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New Port Richey cuts number of red-light cameras, but renews contract for one year

City Manager Debbie Manns wants to tout the cameras’ successes.
City Manager Debbie Manns wants to tout the cameras’ successes.
Published Jun. 16, 2016

NEW PORT RICHEY — In a vote that fell far short of a ringing endorsement, the New Port Richey City Council has opted to keep the city's red-light camera program alive on U.S. 19 for another year.

During a meeting last week, a split council voted 3-2 to renew its contract with American Traffic Solutions. The current contract expires Monday.

The council, however, decided to scale back the program considerably, cutting nearly in half the number of cameras it will continue to use. The council also opted for the one-year contract in lieu of a five-year deal ATS sought.

The council's reasons for slashing the program varied, from statistics showing that the number of drivers who run red lights has been reduced dramatically at some intersections, to criticisms of the program, including poor customer service from ATS; a negative public perception the program gives the city, and an ongoing red-light camera class-action suit against several Florida cities including New Port Richey.

Under the new contract, which city officials say meets the approval of ATS, the company will discontinue operation of four of its nine cameras on U.S. 19 at midnight Monday — southbound at Marine Parkway, southbound at Main Street, and north and southbound at Cross Bayou Boulevard. City staffers selected those intersections after an analysis by the New Port Richey Police Department showed violations had fallen dramatically there.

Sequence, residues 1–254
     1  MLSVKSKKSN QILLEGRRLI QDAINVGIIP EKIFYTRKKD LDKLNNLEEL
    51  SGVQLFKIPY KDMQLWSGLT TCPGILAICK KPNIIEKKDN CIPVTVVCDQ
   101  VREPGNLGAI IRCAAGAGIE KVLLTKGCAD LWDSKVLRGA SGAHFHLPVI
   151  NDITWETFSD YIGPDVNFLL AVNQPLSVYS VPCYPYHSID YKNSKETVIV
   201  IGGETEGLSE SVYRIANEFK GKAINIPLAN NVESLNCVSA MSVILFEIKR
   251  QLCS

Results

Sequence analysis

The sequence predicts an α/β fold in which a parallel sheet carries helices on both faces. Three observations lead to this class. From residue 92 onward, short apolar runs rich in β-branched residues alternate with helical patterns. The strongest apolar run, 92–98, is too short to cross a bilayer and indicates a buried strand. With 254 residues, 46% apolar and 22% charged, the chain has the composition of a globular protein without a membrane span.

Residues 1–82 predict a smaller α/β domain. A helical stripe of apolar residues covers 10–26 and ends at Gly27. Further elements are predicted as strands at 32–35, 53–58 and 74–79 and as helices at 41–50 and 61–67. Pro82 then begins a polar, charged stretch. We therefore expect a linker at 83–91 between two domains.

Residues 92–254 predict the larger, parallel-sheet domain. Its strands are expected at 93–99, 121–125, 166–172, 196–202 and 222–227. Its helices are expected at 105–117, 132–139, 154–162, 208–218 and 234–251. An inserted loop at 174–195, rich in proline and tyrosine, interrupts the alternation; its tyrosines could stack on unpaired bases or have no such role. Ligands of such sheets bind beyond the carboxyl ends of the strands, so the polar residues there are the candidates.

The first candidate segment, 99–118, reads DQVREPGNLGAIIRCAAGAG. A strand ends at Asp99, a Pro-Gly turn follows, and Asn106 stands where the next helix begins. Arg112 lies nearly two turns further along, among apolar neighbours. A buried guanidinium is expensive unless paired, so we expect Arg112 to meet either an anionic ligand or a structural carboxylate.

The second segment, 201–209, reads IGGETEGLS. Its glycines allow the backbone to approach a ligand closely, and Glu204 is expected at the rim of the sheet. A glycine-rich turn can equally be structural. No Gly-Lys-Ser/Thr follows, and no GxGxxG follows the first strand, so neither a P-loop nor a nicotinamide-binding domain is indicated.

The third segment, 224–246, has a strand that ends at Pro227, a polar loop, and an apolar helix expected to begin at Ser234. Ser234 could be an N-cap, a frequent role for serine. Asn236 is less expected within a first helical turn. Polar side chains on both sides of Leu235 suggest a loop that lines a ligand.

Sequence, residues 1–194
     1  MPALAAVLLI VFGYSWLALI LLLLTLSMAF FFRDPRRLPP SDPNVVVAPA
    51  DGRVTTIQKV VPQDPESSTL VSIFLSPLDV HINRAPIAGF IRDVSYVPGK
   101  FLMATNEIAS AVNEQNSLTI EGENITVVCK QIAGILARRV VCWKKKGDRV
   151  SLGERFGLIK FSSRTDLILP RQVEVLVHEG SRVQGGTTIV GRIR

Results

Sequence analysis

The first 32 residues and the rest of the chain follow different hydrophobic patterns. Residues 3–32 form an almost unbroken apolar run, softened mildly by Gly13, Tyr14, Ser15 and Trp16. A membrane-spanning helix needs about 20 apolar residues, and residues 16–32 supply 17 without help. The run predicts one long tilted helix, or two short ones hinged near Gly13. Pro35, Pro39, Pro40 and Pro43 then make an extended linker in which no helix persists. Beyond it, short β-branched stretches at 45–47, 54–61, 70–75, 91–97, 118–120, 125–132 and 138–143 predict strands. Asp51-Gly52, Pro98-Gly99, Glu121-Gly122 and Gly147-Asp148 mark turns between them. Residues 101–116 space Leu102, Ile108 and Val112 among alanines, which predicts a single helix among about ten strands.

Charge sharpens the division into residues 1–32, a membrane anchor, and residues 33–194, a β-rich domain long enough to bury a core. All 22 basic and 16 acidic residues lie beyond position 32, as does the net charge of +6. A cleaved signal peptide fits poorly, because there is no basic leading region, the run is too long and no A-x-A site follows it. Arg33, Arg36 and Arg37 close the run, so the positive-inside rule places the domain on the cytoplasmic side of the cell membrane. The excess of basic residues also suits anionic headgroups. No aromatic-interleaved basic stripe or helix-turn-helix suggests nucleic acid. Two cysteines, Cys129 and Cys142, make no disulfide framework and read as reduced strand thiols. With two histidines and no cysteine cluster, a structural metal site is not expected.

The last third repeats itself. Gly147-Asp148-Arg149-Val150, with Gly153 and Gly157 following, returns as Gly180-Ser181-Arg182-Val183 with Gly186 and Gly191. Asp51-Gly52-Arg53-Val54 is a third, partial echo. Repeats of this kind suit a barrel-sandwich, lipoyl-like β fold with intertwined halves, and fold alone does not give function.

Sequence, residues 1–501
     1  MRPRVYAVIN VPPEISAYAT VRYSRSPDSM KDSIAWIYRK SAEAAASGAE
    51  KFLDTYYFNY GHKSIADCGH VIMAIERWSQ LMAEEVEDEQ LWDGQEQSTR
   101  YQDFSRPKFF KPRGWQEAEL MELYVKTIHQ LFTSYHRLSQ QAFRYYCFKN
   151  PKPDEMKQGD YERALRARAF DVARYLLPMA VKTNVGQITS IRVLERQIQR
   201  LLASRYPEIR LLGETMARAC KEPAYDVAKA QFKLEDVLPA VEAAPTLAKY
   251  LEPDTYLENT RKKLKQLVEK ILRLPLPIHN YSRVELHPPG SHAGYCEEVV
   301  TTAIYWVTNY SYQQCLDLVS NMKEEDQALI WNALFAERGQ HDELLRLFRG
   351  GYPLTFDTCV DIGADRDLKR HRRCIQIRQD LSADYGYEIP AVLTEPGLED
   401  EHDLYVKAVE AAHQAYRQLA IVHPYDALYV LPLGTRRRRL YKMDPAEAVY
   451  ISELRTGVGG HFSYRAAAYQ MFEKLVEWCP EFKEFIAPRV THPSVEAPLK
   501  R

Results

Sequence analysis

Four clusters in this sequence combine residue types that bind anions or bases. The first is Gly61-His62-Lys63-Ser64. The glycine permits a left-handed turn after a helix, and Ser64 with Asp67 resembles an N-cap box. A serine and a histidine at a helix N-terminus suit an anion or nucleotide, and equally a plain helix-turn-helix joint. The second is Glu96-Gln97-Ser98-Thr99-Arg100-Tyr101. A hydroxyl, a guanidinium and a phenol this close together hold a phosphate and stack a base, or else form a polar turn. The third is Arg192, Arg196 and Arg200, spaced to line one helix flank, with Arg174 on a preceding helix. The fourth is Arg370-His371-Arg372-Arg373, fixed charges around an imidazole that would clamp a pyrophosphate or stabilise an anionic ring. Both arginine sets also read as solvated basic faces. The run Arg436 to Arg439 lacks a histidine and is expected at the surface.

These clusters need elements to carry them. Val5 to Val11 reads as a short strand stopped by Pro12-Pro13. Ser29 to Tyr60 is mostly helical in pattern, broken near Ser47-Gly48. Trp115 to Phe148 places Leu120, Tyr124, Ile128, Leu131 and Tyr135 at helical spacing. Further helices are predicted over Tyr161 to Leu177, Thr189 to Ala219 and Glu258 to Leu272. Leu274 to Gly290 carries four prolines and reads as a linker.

The council did opt to keep cameras going for a year on U.S. 19 northbound at Trouble Creek Road, northbound at Floramar Terrace, and north and southbound at Gulf Drive. The city will also keep a camera on the westbound lanes of Main Street heading onto U.S. 19.

Police Chief Kim Bogart recommended keeping cameras at those intersections, telling the council that the cameras generate as many as 400 violations a month.

"To just ignore that and just look the other way troubles me a lot," Bogart said.

City Manager Debbie Manns acknowledged that public perception of the program is "poor" and offered up a plan to launch a public information campaign, outlining the cameras' public safety successes.

For Deputy Mayor Bill Phillips, who along with council member Chopper Davis voted against a new contract, negative public perception has been the driver of his longtime opposition to the program.

"I just believe that it's a program that really doesn't help a small city like New Port Richey market itself," he said.

It is estimated the program will provide the city with a windfall of $700,000 this year, as violations have increased with the completion of construction on U.S. 19, which city officials believe brought down red-light citations and revenue in recent years. Revenue from the citations is divided among the city, the state and ATS.

While the remaining three council members voted for the one-year extension, support for keeping the program going longer appears to be dwindling. Mayor Rob Marlowe said he has been "underwhelmed" by ATS's customer service, so he deemed a five-year contract to be a mistake.

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Council member Jeff Starkey expressed concern that, should the pending class-action case go against the municipalities, New Port Richey could be on the hook for paying back money collected from drivers, dating back to the program's inception in 2011. City Attorney Joseph Poblick told the council he believes the city is on solid legal ground, but the "worst-case scenario" is the city could have to pay back an estimated $7 million should a court ruling go against it.

Starkey went on to urge his colleagues not to rely on red-light camera income in crafting budgets down the road.

"This isn't something we need to be dependent on for years to come," he said.